Addressing unmet and emerging health needs of Canadian adults with intellectual and developmental disabilities and their families during COVID-19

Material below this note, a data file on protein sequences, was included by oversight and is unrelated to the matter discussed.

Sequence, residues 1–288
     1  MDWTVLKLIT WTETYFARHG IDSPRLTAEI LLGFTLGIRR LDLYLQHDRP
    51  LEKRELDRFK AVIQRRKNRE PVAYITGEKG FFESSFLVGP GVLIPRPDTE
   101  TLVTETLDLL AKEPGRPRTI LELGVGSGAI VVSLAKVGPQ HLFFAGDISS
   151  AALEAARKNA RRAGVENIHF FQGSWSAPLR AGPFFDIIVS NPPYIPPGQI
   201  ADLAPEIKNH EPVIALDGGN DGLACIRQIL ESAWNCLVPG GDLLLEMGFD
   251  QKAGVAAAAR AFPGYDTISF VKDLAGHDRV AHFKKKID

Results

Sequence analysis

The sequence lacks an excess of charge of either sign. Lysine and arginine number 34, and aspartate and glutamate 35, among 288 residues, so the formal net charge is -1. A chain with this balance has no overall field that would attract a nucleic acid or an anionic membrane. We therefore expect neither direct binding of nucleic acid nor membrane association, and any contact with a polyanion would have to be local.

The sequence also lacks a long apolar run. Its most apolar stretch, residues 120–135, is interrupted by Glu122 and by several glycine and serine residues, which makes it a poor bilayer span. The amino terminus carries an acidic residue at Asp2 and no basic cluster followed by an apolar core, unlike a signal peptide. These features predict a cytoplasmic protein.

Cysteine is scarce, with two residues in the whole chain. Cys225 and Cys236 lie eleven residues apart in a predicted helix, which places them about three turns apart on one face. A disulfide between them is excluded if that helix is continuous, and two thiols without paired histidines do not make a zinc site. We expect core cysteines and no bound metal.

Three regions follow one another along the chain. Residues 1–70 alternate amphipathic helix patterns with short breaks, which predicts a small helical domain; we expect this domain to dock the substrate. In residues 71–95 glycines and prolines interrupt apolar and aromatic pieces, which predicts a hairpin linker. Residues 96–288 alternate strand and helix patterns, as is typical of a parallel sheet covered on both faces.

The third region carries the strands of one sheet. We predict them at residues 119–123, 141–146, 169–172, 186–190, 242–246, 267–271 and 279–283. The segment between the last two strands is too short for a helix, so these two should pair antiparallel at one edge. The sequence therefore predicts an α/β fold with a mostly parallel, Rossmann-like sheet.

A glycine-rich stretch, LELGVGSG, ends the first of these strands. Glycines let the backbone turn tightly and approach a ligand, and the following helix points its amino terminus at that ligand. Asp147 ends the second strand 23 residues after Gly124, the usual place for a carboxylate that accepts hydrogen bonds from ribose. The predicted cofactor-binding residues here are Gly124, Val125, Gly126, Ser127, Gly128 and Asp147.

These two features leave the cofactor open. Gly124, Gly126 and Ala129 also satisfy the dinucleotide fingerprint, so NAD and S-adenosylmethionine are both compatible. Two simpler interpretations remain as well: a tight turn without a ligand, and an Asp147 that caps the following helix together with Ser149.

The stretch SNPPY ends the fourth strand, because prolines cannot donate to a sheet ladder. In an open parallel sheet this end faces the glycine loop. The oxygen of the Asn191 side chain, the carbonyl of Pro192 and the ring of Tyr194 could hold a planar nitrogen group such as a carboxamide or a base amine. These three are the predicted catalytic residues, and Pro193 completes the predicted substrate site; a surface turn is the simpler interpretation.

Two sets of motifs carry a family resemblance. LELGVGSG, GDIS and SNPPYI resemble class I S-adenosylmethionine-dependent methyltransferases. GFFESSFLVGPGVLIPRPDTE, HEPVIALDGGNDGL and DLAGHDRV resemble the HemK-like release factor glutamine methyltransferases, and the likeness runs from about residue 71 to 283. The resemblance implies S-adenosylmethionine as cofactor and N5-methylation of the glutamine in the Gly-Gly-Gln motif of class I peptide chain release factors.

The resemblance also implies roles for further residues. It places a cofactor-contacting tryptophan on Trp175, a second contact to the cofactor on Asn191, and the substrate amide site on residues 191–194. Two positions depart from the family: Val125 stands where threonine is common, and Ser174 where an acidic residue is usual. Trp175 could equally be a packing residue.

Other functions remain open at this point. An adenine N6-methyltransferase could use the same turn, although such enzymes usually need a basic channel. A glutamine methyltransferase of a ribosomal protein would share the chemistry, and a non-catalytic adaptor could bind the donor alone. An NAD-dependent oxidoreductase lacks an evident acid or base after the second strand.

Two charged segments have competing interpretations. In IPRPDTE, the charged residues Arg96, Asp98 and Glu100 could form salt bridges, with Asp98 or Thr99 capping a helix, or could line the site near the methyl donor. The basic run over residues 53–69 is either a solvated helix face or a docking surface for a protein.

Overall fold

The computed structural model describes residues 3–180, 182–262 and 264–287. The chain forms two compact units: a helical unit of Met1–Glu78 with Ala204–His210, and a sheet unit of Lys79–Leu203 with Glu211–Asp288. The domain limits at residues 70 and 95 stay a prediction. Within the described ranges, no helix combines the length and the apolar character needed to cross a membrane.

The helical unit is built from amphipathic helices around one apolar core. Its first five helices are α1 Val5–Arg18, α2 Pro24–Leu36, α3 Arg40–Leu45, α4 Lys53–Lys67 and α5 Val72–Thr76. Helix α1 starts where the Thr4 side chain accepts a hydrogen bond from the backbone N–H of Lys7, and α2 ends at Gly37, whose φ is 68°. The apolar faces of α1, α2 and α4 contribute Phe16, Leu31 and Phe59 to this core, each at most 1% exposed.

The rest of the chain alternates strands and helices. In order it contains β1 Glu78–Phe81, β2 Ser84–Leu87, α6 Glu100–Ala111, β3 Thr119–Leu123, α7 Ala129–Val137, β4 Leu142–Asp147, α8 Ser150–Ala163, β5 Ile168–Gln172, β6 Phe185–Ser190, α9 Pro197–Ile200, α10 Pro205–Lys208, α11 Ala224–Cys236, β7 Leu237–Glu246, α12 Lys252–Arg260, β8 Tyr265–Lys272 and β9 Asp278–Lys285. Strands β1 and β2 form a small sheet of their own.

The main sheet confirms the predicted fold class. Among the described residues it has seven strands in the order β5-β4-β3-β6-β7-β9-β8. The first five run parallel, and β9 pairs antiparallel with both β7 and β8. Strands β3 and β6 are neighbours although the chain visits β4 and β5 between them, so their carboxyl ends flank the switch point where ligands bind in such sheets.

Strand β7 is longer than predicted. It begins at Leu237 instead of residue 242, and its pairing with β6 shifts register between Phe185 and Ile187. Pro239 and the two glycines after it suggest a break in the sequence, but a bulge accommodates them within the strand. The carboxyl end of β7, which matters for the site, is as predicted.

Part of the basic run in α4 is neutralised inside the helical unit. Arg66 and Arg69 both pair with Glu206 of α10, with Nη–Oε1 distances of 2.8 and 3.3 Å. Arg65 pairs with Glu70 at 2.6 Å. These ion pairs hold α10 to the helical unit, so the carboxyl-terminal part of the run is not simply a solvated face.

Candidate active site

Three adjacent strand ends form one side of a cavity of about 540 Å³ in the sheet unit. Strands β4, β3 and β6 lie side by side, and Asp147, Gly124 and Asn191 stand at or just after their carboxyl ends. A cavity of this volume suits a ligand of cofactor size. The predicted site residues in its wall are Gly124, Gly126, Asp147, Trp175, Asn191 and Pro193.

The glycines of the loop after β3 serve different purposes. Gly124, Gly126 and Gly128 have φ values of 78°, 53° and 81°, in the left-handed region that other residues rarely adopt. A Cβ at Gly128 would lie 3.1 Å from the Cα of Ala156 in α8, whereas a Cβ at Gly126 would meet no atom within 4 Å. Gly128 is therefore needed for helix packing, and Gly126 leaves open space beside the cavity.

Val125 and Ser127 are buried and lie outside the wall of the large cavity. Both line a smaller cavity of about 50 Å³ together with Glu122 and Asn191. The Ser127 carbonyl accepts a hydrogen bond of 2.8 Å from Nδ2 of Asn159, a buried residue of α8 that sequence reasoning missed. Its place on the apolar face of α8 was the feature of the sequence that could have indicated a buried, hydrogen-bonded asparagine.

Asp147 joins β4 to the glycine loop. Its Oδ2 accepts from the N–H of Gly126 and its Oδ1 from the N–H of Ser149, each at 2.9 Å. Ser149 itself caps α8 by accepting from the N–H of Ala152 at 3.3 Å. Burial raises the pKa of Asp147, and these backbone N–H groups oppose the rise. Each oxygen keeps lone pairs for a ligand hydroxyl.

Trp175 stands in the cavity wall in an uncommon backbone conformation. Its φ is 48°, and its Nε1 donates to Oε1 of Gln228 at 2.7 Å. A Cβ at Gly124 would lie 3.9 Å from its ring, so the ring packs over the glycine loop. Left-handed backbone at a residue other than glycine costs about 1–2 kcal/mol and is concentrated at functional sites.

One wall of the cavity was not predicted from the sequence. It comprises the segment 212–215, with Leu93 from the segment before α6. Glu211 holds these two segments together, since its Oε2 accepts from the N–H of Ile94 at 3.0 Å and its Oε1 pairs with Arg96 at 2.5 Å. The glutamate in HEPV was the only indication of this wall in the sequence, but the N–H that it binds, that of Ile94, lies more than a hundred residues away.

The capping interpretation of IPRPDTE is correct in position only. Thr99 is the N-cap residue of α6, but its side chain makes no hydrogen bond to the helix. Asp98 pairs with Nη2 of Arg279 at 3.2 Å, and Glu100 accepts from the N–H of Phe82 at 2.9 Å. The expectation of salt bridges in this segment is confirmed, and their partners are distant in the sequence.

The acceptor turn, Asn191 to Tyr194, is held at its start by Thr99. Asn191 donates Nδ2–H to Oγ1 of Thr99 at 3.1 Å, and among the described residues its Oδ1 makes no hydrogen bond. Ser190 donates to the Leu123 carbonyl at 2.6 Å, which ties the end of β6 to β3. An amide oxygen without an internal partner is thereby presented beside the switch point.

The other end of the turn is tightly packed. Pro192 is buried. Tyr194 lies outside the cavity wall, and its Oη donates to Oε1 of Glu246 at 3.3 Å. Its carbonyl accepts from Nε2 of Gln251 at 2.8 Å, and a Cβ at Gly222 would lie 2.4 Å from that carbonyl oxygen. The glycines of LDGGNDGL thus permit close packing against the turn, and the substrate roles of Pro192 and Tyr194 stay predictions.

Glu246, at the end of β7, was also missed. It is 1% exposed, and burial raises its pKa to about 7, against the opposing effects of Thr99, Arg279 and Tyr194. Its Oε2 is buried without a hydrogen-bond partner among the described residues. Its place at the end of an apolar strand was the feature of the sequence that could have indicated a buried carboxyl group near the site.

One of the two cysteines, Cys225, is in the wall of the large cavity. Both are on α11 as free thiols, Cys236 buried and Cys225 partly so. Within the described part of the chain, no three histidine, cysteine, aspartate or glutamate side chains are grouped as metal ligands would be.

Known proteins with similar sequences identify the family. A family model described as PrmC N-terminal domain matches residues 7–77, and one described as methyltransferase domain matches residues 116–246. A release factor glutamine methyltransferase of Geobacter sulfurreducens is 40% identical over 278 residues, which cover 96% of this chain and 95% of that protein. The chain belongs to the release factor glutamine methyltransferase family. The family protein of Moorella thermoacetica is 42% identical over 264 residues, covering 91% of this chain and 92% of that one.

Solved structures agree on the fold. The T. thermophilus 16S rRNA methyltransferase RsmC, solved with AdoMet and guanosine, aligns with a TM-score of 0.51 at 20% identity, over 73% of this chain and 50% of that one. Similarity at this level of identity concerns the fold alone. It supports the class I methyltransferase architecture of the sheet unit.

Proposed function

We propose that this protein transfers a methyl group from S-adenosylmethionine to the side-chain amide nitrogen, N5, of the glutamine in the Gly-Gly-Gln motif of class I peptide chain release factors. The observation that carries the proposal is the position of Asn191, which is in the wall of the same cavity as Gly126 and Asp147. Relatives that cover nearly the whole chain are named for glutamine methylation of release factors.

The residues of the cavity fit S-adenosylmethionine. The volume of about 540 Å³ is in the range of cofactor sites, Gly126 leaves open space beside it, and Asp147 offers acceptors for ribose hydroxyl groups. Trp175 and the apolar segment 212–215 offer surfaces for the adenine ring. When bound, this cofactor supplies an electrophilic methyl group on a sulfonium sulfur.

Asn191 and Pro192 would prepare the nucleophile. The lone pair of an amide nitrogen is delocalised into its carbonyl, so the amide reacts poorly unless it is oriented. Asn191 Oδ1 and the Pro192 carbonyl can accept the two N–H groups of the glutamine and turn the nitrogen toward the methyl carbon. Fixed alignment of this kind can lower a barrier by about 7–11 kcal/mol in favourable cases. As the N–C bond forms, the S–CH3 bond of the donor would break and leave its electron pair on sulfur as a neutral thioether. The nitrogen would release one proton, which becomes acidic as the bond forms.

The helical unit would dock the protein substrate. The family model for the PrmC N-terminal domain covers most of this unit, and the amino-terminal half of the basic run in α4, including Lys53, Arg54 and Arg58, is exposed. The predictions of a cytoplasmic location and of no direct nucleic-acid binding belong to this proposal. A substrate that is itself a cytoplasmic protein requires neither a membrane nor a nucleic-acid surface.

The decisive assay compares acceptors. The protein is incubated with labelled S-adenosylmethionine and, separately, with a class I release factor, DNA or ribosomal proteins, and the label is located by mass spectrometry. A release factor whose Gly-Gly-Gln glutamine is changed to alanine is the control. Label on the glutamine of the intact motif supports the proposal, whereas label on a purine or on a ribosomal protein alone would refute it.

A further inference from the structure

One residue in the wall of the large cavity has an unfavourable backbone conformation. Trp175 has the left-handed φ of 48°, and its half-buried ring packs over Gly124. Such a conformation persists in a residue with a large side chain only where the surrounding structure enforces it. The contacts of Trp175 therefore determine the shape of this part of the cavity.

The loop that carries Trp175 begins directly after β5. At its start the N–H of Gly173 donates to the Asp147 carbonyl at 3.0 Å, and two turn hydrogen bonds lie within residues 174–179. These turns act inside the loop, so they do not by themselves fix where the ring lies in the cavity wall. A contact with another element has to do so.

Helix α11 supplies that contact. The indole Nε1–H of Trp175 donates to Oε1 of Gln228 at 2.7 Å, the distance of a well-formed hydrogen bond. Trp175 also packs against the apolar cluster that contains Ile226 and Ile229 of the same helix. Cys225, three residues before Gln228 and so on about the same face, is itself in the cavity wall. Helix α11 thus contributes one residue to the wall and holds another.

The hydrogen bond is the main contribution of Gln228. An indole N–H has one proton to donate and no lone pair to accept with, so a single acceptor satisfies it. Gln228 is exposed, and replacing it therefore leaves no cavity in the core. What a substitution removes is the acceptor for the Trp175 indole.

Pre-pandemic, Canadian adults with intellectual and developmental disabilities (IDD) such as Down syndrome or autism had higher rates of mental and physical health problems and were nearly four times more likely to die at a younger age than other adults. COVID‑19 has made the challenges already faced by adults with IDD worse, regular activities and contact with family and friends have stopped, there is increased isolation and loss of paid supports, challenges understanding the virus and restrictions, and reduced health care accessibility. Since the onset of COVID-19, our Ontario-based team has been meeting with adults with IDD, families, and service providers to better understand their needs and to find ways to help them. With their input, we developed and trialed six-week virtual groups focused on mental health for adults with IDD, for family caregivers, and for service providers across Canada. This study will build on what we did before by extending the original mental health focus to address emerging pandemic-related health care issues including going to the doctor for a COVID‑19 Health Check, vaccination and boosters, managing health problems and medications, diet, sleep and exercise, and returning to regular activities. We will run the three programs twice (Winter 2022, Spring 2022), reaching 440 participants across Canada. Each intervention will include 6 weekly sessions and will teach about health care, with case-based discussions to apply the teaching to their real life situations. Importantly, unlike other programs, our programs will include adults with IDD and family members as educators, alongside health care providers. Participants will complete surveys before, after, and at 3 month follow-up about their health and well-being, what they learned, and their health care (including if they made an appointment for a COVID‑19 Health Check), and a smaller group of participants (60) will also talk about their experiences in the program through focus groups.